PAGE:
In the picture above John Campbell Whiting is the second man from the left. He has on a bow tie and stands just to the right of Jim Creighton, the man holding the ball. Whiting was born in either 1841 or 1842 in Erie County, New York. He was one of five brothers who ended up playing baseball in the 1850s and 1860s (with older brother Charles appearing to be the best). By 1858 John Whiting was playing ball with the local team, the Niagaras. He was the third baseman and one of the three best players on the team (Creighton and George Flanly, addressed below, were the others). The Stars, a Brooklyn team grabbed all of them and brought them to the New York metropolitan area, where they all three jumped to the Excelsiors almost immediately. Whiting played third with the Excelsiors and participated in the big “playoff” game with the Atlantic in 1860. He retired in 1861 (when he was roughly 20) and began manufacturing baseballs. He was, seemingly, successful but the American Civil War got in the way. By 1862 he can be found in the 31st New York Infantry and in June of 1863 made Lieutenant. After the war he remained in New York and became an investment broker (I don’t know if he still made baseballs as a side enterprise or not). Apparently he was pretty good at it because he moved (according to the 1880 census) to a pretty expensive neighborhood. He was visiting his daughter in Lanesboro, Massachusetts when he died on 26 September 1929. As far as I can tell, he was the last of the Excelsiors.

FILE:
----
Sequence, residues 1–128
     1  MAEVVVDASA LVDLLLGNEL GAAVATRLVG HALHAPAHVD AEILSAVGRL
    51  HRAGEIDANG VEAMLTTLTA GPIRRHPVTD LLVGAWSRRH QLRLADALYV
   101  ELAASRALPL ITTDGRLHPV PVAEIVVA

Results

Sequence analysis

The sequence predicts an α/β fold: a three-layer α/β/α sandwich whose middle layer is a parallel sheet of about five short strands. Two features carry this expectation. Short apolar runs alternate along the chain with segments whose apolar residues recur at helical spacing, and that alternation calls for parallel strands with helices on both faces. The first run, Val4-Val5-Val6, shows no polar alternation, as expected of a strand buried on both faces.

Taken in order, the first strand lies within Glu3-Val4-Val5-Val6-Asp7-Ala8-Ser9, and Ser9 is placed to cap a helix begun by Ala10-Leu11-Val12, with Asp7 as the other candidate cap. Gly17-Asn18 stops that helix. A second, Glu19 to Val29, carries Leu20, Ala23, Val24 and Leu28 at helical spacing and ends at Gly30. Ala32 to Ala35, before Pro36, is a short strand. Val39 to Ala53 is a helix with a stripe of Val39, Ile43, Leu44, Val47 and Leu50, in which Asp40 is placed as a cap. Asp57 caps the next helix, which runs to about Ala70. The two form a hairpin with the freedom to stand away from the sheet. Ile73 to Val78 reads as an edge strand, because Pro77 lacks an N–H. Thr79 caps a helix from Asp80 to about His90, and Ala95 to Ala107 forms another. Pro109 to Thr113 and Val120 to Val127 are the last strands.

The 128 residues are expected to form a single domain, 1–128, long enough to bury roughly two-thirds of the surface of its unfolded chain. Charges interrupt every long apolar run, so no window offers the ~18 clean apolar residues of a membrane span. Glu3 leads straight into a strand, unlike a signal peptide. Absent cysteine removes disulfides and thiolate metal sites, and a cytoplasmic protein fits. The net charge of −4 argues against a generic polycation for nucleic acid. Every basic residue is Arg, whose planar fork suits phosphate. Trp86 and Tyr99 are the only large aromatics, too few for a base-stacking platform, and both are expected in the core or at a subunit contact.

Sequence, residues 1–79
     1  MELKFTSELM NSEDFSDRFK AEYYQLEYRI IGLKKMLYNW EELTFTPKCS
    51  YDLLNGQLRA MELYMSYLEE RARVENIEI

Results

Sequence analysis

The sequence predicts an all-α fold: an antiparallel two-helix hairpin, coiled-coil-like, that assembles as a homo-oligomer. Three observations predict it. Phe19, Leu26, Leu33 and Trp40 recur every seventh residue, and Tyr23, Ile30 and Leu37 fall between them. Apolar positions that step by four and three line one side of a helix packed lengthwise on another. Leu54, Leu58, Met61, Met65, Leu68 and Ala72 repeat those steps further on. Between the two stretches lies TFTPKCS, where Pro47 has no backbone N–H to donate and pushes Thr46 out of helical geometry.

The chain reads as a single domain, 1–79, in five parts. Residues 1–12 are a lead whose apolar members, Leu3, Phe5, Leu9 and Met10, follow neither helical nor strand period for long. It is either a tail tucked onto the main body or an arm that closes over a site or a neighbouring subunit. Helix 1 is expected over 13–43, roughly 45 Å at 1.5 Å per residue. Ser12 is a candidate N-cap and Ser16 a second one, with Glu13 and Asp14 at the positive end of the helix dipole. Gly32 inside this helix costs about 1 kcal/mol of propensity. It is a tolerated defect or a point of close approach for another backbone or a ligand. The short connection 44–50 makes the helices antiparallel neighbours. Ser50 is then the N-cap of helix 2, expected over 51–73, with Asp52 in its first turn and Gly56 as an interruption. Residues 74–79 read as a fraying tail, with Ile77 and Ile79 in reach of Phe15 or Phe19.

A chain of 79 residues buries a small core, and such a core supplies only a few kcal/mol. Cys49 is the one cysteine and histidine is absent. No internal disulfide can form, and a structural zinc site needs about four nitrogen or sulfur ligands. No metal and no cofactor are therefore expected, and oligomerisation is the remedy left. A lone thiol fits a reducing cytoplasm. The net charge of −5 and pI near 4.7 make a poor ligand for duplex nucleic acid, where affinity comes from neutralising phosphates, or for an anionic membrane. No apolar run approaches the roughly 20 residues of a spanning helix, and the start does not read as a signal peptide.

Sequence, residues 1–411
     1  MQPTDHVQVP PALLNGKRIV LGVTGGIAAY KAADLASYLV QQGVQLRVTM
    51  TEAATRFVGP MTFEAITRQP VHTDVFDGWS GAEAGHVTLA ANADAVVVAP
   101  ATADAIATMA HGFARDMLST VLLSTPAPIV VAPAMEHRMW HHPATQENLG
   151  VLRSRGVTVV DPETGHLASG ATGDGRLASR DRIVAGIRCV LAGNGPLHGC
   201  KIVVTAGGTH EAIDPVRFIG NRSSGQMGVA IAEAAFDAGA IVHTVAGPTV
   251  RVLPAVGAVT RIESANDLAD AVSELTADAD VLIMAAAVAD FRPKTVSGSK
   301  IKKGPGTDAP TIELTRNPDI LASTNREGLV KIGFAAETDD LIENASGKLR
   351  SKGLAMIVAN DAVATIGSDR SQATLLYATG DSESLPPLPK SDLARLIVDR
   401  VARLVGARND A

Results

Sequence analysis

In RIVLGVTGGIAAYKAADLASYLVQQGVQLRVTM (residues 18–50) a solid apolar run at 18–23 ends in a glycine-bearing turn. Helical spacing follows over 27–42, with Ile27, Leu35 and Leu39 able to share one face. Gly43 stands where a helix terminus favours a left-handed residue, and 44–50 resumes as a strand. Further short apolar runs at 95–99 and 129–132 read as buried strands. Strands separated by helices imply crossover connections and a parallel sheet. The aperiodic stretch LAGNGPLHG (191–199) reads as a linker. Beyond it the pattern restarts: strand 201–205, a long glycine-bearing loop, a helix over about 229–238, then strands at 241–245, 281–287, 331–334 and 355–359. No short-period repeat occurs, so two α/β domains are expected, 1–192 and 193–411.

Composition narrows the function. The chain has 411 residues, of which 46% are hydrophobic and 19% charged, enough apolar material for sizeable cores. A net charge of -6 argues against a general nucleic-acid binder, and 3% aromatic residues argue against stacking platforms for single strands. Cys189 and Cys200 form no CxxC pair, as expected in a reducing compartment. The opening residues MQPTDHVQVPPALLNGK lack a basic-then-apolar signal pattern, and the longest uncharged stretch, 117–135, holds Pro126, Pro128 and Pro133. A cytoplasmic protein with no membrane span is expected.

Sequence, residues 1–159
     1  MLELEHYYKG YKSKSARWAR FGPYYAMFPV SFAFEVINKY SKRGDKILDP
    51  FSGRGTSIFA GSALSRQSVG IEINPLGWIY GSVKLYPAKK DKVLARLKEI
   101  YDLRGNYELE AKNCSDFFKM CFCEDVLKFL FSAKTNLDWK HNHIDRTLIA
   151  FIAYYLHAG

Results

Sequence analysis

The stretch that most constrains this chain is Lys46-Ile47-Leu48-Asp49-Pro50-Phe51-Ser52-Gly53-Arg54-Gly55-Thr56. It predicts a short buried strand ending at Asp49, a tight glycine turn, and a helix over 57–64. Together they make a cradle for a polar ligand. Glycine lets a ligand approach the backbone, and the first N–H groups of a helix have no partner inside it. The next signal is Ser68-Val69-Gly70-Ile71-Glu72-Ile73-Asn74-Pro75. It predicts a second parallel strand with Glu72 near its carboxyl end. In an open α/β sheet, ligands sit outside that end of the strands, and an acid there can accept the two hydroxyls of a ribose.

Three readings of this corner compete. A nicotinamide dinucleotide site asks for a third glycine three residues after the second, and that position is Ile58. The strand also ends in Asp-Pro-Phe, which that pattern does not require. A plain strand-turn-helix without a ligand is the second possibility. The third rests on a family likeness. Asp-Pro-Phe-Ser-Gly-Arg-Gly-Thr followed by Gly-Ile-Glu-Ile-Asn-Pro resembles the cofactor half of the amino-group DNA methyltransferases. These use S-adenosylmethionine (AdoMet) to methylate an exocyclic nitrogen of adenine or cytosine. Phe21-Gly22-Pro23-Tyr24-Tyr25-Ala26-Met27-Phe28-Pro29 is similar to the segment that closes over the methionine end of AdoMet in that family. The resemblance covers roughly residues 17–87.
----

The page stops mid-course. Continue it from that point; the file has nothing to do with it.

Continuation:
The Telegrapher